Thursday, November 15, 2007

Review: The Dead Guy Interviews

The Dead Guy Interviews: Conversations with 45 of the Most Accomplished, Notorious, and Deceased Personalities in History by Michael A. Stusser.

Michael A. Stusser is a Seattle-based journalist who authors the "Accidental Parent" column in ParentMap magazine and has written for an eclectic array of magazines, including mental_floss, Seattle Magazine, Yoga International Magazine, Law & Politics and Go World Travel Magazine. Stusser is also a game inventor with The Doonesbury Game (with Garry Trudeau), EARTHALERT, The Active Environmental Game, and Hear Me Out to his credit. And sometimes he blogs.

The premise of The Dead Guy Interviews (though there are some Gals included, too) is simple: what if you could sit down with a historical figure and ask him or her a few questions? Stusser has taken the concept and run with it. The result is a series of irreverant, contemporized and humorous 3-4 page "interviews" where no topic is off the table. However, betwixt and between the sometimes sophomoric humor, bits of profanity and sarcastic banter (and a lot of talk about the sexual picadilloes of various interviewees--Stusser leaves no stone unturned in this area), you may actually learn something.

A good part of the actual historical information about each individual is provided in the brief biographical sketches preceding each interview. For instance, in the introduction to his interview with George Washington Carver, we learn:
Though recruited by big shots such as friend Henry Ford, Carver kept it real, turning down an annual slary of over $100,000 to work for Thomas Edison and refusing to consult with Stalin on agricultural matters.
This passage is typical of the way Stusser educates while "keeping it real" via the use of modern day colloquialisms. Here's another:
MS:...Tell me, what was the Globe Theatre like?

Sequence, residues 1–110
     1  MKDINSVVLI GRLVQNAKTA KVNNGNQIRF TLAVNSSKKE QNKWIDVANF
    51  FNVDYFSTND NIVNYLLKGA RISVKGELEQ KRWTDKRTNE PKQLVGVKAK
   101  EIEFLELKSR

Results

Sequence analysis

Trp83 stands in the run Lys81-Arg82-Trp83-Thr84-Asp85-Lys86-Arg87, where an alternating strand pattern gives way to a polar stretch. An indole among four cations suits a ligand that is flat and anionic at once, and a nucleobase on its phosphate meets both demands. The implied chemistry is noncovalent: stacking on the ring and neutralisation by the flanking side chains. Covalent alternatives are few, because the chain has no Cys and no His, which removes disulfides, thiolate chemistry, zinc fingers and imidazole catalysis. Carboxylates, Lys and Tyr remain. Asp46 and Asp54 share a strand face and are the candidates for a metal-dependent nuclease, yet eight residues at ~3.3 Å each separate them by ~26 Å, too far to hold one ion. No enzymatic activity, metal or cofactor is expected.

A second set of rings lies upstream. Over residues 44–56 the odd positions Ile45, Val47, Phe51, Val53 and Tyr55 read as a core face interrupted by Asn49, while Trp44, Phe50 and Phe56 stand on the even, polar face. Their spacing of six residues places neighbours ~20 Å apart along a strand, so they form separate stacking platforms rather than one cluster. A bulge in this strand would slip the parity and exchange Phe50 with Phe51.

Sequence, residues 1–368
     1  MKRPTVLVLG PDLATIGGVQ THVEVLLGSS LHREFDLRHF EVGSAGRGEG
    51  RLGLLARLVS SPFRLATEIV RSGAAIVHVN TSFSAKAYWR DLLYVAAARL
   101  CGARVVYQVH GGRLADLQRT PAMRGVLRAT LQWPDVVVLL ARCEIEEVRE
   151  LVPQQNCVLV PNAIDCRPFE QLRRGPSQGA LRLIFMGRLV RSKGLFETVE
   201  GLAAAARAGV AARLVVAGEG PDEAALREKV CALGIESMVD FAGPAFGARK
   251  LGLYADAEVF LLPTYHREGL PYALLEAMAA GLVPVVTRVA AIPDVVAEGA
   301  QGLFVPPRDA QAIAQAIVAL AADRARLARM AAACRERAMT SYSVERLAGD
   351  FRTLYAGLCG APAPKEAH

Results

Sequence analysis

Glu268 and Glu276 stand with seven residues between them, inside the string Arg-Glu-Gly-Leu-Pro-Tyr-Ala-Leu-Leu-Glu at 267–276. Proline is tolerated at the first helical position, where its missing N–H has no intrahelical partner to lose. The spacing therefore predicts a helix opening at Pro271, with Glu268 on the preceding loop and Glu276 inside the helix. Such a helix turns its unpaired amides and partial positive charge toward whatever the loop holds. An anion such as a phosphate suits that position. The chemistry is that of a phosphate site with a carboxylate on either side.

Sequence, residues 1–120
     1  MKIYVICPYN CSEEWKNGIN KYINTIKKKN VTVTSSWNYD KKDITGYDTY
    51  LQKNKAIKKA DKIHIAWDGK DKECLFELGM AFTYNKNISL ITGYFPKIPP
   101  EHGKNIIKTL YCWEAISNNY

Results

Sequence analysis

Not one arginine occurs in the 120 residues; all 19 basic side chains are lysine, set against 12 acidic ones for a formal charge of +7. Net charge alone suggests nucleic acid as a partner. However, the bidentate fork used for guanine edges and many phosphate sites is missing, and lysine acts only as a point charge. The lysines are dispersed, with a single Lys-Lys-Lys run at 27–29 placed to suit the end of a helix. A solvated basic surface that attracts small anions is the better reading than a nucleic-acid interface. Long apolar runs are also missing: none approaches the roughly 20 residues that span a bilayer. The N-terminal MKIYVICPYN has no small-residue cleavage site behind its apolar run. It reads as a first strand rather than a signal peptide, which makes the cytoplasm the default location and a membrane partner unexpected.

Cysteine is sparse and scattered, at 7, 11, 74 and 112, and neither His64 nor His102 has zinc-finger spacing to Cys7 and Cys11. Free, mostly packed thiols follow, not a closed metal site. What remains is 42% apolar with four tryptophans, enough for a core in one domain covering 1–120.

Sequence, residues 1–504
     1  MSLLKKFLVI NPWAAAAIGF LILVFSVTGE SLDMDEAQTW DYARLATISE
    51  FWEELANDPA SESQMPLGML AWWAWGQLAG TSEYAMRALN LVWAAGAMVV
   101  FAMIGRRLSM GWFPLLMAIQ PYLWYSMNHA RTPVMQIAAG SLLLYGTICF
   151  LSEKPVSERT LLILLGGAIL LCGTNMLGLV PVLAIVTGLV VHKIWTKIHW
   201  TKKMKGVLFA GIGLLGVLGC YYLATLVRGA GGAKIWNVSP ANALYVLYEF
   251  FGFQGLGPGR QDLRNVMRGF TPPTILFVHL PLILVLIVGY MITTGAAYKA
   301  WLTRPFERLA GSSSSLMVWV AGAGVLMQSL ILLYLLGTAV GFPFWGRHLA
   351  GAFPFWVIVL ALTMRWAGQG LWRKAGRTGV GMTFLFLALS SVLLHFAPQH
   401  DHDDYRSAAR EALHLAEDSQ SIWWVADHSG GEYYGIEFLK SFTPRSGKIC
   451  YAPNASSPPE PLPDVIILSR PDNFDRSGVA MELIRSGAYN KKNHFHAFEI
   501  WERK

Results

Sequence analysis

William Shakespear: Lovely venue, almost like one of your so-called open-air stadiums today.

MS: Like a football stadium?

WS: If you must make fool-hearted analogies. We had seating in the round, and VIP boxes up high. Sadly, the acoustics sucked.

MS: Did you just say "sucked?"
Stusser also asks Charles Darwin about the Darwin Awards. The method works pretty well, especially for the teenager crowd. That's not to say that adults won't be entertained, though. Stusser does a good job of interspersing information in the midst of his tongue-in-cheek question and answer sessions. Aside from the introductory bios, Stusser's interviews often help flesh out the ideas and personalities of some of these historical characters. For instance, I learned something basic about Buddha's philosophy (of which I know almost nothing about) by reading this:
MS: As a prince you had it all. Your father, King Suddhodana, even arrange a marriage to a wonderful gal. But you left it all behind. Why?

B: At the age of twenty-nine I finally looked beyond the walls of the palace. There I saw four sights.

MS: An old crippled guy, a diseased dude, a decayed, nasty corpse, and an ascetic, right?

B: The truth of life: that death, disease, age, and pain are inescapable. Poor outnumber the wealthy, and the pleasures of the rich eventually come to nothing.
This is typical of Stusser's method and works to either give the reader all the information she wants or inspire deeper investigation.

Stusser also folds in criticism of the contemporary in these interviews. While interviewing Beethoven about his life as a struggling artist, Beethoven reveals what he would have done to make some money in today's music business, "The real money would have been in concessions--Beethoven T-shirts, crop-tops, posters. Oh, to do it all over again."

Stusser also uses these interviews as a vehicle to critique current politics (both as interviewer and subject). He is especially prone to slamming those of a particular ideological bent. A sampling: